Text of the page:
A free telephoto extender. In Super 35/APS-C mode (with the a7R II) or APS-C mode (with the a7 II), you can gain a little telephoto “reach” to capture images using the 1.5X crop to your advantage (you’ll find more on that in Chapter 12). Although my 70-200mm f/4 lens got a lot of use, sometimes an opportunity arose where that lens wasn’t available. I was wading in the Atlantic Ocean, photographing the shoreline with my a7R II and 24-70mm f/4 Zeiss Vario-Tessar FE 24-70mm f/4 when I encountered the heron shown in Figure 5. As you can see from the slightly cropped main image at left, I really was able to get no closer than about 50 feet from the bird at Long Key State Park in the Florida Keys before it began to display skittish tendencies. I was already knee-deep in murky water, so I shot away. Back at my Winter “headquarters,” I was pleased to see that 42 megapixels were plenty to allow some judicious cropping. Exposure was about 1/800th second at f/5.6 at ISO 100 and image stabilization was active. I can’t remember whether I was more concerned about my feathered friend flying away, or slipping and giving my mirrorless camera a salt-water bath.
4K video (a7R II only). Videographers will like the ability to shoot and record 4K video in multiple formats, including Super 35mm (without pixel binning) and full-frame format, a world’s first for mirrorless digital still cameras. While full HD (1920 • 1080) has had a good run, ultra HD (UHD) is appearing on more and more consumer televisions, and the ability to shoot 4K video is becoming more alluring for both amateur movie-making and professional videographers.
Less shutter shake. The original Mark I series cameras, especially the a7R, were plagued by blur caused by vibration/bounce induced by the physical shutter. The Mark II cameras have improved shutters with 50 percent less vibration, and (with the a7R II) a truly Silent Shooting mode. The optional electronic first-curtain shutter found in both cameras can further reduce shutter shake. Coupled with 5-axis image stabilization, you’re likely to encounter blur from camera/lens movement only at shutter speeds longer than 1/8th second.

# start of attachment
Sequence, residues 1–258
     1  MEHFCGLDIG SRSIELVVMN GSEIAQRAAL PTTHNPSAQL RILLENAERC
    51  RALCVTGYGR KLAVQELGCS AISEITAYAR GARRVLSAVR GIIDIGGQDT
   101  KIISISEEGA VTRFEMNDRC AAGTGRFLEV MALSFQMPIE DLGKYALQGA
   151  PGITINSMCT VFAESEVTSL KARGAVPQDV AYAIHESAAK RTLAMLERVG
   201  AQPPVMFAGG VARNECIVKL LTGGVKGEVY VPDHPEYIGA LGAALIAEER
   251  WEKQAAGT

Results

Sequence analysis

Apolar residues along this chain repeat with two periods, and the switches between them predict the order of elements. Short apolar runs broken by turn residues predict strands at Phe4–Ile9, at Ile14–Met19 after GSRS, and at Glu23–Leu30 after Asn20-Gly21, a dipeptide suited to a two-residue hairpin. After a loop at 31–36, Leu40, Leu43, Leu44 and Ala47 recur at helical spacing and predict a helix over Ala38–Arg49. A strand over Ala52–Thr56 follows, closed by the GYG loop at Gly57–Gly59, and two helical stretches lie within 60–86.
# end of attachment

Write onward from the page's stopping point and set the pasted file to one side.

Love that view. The XGA 2,359,296-pixel organic light emitting diode (OLED) viewfinder now boasts a 0.78 magnification, and the 1.2 MP rear-panel LCD remains for previewing/ viewing images on the monitor. It’s hard to explain just how valuable that 0.78X magnification is until you’ve actually peered through the viewfinder. The a7 II–series cameras are the first I’ve seen where the EVF truly is as good as optical viewfinders, which rarely offer a view as big and bright as that found in these Sony cameras. When you add in features like focus peaking and focus assist magnification (explained in Chapter 8), the EVF view is actually better for manual focusing.
Wi-Fi and NFC. Wi-Fi connectivity and Near Field Communications make communicating with your favorite Android and iOS devices easy. Not interested in uploading your images to your phone or tablet? There’s a lot more you can do with Wi-Fi/NFC than you might have thought of. For example, remote shooting, with the preview image shown on your phone/ tablet’s screen allows stealthy photography. You could, for example, set up your camera near a hummingbird feeder, and trigger a shot while maintaining a distance that won’t frighten the tiny birds. Or, use a time-lapse app to take a series of photos that show the blossoming of a bud into a flower. Sony is introducing new apps for your a7 II–series camera all the time, so you may be surprised by some of the new features that can be added to your camera.